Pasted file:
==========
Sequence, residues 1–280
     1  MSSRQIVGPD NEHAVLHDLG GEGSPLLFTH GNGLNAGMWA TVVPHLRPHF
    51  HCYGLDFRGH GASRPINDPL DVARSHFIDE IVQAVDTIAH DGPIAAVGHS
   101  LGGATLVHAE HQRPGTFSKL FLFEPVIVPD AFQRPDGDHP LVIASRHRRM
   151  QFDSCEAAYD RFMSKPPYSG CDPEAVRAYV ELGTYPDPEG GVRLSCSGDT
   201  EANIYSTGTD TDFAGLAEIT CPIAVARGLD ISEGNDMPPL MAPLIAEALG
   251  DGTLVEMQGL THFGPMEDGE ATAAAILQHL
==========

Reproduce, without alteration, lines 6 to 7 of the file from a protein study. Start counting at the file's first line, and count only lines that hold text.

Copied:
   201  EANIYSTGTD TDFAGLAEIT CPIAVARGLD ISEGNDMPPL MAPLIAEALG
   251  DGTLVEMQGL THFGPMEDGE ATAAAILQHL